India’s love affair with samosas
Introducing modern renditions of India’s most sought after snack!
Samosas have become an integral part of Indian cuisine and culture. They have come a long way, evolving from a mere street food snack to a staple dish commonly served at special events. A plate of hot samosas is the quintessential evening snack!
The Hindi word ‘samosa’ can be traced to the Middle Persian word ‘sanbosag’, meaning 'triangular pastry’. Alternatively, the name of this snack could be derived from the Sanskrit word ‘sam’, which means combine.
Traditionally, the main ingredients used in making samosas are potatoes, peas, minced meat and flour. The filling is made of boiled and mashed vegetables, seasoned with spices like red chili powder, coriander, mustard and cumin. The vegetable mixture is filled into thin, round dough sheets and then baked or deep-fried.
Let’s take a look at some modern and regional renditions of our favourite snack.
Filled with spicy and smoky minced meat then fried till it is crispy golden, the keema samosa is a great snack for non-vegetarians. The keema samosa is usually served in street stalls and restaurants during the month of Ramadan. The filling is sometimes infused with fragrant spices like cumin and cinnamon to give it a fragrant and smoky flavour. Keema samosas are a popular snack in Hyderabad.
Prawns are first marinated with chili powder, turmeric and salt. After a few minutes of slight steaming, the prawns should be chopped into small pieces, and combined with fried onions, ground coriander, cumin, and garlic. This stuffing is then wrapped in the pastry and fried till it is golden brown. These samosas go very well with tangy-sweet relish made with cilantro, coconut, cumin and lemon juice or also with sweet Thai chilli sauce. Prawn samosas are a common snack in Goa.
Chole and chaat go splendidly well together! Chole samosa is prepared by stuffing chickpeas prepared with aromatic spices and then seasoning it with coriander. The exterior of the samosa is bland in contrast to the filling in order to allow the flavours of the aromatic chickpea stuffing to emerge. At some popular chaat vendors, you might chance upon a version of chole chat that includes a traditional potato samosa mashed together with chole, curd, and tangy chutneys, creating a truly delectable culinary experience.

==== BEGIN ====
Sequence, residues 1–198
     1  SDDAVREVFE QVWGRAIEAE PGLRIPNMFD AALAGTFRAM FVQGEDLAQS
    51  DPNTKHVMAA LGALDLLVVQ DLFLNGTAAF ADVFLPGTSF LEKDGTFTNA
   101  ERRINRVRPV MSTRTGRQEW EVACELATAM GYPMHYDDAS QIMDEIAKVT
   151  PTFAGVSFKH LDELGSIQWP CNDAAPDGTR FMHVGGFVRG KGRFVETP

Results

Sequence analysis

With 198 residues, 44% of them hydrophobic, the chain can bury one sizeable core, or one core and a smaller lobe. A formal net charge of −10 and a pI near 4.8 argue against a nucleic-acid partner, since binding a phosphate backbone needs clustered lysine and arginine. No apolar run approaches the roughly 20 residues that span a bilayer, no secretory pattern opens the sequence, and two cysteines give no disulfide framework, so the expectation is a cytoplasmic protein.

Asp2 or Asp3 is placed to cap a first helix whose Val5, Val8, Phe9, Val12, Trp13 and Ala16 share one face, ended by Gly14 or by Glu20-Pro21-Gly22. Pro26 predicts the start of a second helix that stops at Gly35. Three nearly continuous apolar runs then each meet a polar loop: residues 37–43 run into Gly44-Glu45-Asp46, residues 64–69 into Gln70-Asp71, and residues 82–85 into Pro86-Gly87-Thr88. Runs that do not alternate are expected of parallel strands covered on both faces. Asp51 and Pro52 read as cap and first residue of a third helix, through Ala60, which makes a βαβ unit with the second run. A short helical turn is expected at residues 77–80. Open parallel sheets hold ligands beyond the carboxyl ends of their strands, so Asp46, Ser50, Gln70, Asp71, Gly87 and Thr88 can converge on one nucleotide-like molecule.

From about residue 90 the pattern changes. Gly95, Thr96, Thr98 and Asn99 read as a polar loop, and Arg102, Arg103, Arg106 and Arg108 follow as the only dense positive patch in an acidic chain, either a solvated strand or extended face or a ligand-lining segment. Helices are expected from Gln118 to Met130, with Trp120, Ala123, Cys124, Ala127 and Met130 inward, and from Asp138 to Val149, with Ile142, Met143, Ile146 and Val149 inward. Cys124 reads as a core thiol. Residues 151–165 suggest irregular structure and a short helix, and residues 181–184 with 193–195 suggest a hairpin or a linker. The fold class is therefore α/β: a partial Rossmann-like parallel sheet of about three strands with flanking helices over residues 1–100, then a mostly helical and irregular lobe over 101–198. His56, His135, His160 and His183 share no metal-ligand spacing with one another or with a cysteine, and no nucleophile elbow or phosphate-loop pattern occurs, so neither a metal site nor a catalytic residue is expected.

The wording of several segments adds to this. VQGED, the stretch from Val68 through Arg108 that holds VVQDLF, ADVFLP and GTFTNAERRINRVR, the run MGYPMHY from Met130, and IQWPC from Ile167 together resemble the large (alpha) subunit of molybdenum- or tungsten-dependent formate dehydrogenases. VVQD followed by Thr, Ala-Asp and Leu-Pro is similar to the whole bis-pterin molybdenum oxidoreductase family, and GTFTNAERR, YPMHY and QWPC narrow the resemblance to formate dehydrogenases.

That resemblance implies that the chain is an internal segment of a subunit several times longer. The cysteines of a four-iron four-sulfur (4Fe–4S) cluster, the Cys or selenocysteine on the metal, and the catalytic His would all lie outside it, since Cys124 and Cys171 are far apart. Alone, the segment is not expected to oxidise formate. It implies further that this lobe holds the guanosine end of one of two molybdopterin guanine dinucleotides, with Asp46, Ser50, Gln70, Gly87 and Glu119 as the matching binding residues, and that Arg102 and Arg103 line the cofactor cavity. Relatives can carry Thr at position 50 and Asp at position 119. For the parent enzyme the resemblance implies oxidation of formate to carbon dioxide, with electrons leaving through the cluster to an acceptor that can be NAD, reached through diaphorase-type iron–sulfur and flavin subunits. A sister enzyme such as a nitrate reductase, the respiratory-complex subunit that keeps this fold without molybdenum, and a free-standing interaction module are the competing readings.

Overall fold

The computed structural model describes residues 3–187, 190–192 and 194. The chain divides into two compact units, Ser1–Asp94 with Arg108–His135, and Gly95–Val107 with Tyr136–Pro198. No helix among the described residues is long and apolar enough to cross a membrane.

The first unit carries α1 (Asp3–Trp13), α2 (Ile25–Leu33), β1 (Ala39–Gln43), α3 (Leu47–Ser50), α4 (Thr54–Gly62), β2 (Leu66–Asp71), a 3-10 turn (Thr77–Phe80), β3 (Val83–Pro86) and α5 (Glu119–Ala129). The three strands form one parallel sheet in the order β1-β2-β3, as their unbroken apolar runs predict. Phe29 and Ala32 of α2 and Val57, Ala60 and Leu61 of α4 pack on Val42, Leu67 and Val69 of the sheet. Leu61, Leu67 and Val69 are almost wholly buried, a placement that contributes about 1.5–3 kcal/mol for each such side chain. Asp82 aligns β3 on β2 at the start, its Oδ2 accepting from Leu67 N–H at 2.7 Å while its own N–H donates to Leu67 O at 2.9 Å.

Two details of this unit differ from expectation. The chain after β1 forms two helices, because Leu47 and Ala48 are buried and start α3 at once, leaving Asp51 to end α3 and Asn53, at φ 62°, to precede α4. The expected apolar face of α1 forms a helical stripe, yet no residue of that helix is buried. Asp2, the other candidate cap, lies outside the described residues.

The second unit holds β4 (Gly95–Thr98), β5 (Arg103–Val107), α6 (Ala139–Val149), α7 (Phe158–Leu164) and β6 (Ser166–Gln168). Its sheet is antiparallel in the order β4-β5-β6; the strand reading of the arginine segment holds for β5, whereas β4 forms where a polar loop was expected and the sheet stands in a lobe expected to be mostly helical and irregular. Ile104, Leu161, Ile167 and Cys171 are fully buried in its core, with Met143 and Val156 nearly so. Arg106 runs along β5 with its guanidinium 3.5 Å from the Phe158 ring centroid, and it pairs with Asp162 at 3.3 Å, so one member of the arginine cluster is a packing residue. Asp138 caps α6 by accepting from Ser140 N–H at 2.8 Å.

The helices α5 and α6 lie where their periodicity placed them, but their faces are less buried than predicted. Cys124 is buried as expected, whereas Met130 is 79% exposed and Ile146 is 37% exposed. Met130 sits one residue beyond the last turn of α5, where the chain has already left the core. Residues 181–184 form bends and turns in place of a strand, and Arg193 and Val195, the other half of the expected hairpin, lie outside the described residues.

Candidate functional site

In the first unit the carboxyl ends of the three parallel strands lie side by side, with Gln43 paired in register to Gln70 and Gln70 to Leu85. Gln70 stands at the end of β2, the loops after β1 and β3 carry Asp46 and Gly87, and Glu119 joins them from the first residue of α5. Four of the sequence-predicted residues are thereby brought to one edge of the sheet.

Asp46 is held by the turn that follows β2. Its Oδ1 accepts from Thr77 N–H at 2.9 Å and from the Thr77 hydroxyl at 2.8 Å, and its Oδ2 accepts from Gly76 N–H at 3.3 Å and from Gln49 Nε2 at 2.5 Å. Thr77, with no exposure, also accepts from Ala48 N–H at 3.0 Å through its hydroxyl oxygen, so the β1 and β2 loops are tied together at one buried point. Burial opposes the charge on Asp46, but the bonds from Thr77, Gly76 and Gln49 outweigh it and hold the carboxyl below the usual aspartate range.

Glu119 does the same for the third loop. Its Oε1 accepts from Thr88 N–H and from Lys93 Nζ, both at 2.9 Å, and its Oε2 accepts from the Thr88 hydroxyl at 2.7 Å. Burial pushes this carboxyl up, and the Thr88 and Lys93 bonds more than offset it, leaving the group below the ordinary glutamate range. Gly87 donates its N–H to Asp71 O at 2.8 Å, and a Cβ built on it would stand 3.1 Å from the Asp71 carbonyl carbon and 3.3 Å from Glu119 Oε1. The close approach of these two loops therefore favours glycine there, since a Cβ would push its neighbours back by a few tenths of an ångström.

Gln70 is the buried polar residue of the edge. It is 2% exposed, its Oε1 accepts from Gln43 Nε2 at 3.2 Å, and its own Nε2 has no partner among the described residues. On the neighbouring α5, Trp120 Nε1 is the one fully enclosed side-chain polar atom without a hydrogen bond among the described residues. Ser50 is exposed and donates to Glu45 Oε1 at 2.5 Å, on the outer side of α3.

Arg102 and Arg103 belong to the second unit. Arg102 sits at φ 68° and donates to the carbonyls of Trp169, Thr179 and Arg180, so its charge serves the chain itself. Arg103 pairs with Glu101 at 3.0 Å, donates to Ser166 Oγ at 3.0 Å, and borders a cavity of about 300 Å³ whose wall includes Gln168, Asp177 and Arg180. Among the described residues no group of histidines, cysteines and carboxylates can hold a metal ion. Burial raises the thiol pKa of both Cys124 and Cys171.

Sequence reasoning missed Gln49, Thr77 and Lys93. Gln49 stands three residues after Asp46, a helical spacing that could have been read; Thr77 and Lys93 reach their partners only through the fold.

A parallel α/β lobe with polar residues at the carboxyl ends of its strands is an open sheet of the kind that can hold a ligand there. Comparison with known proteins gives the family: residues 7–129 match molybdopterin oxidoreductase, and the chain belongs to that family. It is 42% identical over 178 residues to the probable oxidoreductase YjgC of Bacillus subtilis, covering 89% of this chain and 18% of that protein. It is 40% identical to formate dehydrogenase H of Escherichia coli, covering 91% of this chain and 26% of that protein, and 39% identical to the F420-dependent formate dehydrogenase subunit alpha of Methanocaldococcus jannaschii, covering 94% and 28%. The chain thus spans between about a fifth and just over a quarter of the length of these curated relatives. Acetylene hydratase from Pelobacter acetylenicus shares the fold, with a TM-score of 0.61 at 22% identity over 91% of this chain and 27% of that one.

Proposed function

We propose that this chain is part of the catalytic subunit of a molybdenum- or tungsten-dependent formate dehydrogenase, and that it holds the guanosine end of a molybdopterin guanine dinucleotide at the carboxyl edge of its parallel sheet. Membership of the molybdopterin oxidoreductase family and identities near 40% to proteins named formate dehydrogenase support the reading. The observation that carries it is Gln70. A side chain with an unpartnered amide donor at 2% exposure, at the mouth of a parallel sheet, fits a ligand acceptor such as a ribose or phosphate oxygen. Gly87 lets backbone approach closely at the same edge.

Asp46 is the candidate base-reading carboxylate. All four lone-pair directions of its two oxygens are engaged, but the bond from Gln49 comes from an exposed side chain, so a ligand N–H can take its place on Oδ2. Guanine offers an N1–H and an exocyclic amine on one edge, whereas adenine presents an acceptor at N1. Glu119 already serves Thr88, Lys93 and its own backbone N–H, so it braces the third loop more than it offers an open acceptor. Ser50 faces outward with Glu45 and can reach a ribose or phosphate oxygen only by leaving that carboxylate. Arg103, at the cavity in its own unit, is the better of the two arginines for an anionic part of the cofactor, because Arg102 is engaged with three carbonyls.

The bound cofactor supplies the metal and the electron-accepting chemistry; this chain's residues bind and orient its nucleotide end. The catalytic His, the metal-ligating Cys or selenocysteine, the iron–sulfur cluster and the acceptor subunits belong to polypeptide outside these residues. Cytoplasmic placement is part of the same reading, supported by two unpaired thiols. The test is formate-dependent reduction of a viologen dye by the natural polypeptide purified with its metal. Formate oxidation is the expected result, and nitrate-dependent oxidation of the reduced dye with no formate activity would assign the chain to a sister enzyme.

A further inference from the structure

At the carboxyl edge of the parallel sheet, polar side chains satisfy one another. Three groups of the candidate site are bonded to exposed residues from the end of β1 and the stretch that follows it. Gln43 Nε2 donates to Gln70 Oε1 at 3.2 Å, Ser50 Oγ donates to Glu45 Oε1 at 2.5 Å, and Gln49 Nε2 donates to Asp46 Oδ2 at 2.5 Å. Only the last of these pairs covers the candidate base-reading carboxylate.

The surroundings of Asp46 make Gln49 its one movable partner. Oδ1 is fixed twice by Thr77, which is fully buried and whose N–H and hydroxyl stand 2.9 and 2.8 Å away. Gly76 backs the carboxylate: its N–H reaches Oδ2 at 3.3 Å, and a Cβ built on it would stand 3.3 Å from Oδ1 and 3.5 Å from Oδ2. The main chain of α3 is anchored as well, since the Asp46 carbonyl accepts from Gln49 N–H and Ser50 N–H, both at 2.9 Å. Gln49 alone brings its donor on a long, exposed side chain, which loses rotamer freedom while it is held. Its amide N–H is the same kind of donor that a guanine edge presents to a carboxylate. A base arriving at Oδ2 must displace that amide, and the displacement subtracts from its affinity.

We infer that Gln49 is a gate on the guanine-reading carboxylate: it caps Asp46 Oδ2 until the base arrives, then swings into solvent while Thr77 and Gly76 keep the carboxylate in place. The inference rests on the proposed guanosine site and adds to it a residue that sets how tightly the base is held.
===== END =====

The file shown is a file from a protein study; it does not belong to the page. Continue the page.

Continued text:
Cauliflower samosa, also known as the phulkapir singara is a deep-fried, short-crust pastry with a savoury potato and cauliflower filling. This delightful Bengali variety of the samosa, with a fiery cauliflower filling brings out so many flavours in each bite! These samosas are served with tangy tamarind chutney on the side. Phulkopir shingara is usually made using seasonal cauliflower in the winter and is sold at several local sweet and chaat stalls in West Bengal.
This unique samosa is a sweet variation of our favourite snack! Prepared with pistachios, caster sugar, sugar and ghee this delectable fusion recipe will surely satisfy your sugar craving! This scrumptious samosa usually has a crispy golden covering on the outside and creamy chocolate filling inside. Chocolate samosas are a common party snack.
Over the centuries, the samosa has truly evolved to become a popular snack, adored by people around the world. You can experiment with various fillings, and spices according to your taste and even use different types of dough other than the usual plain flour dough. Samosas can be made spicy or sweet with different combinations of fillings of your choice!
What are some other unique samosas you have tried and where? Let us know in the comments!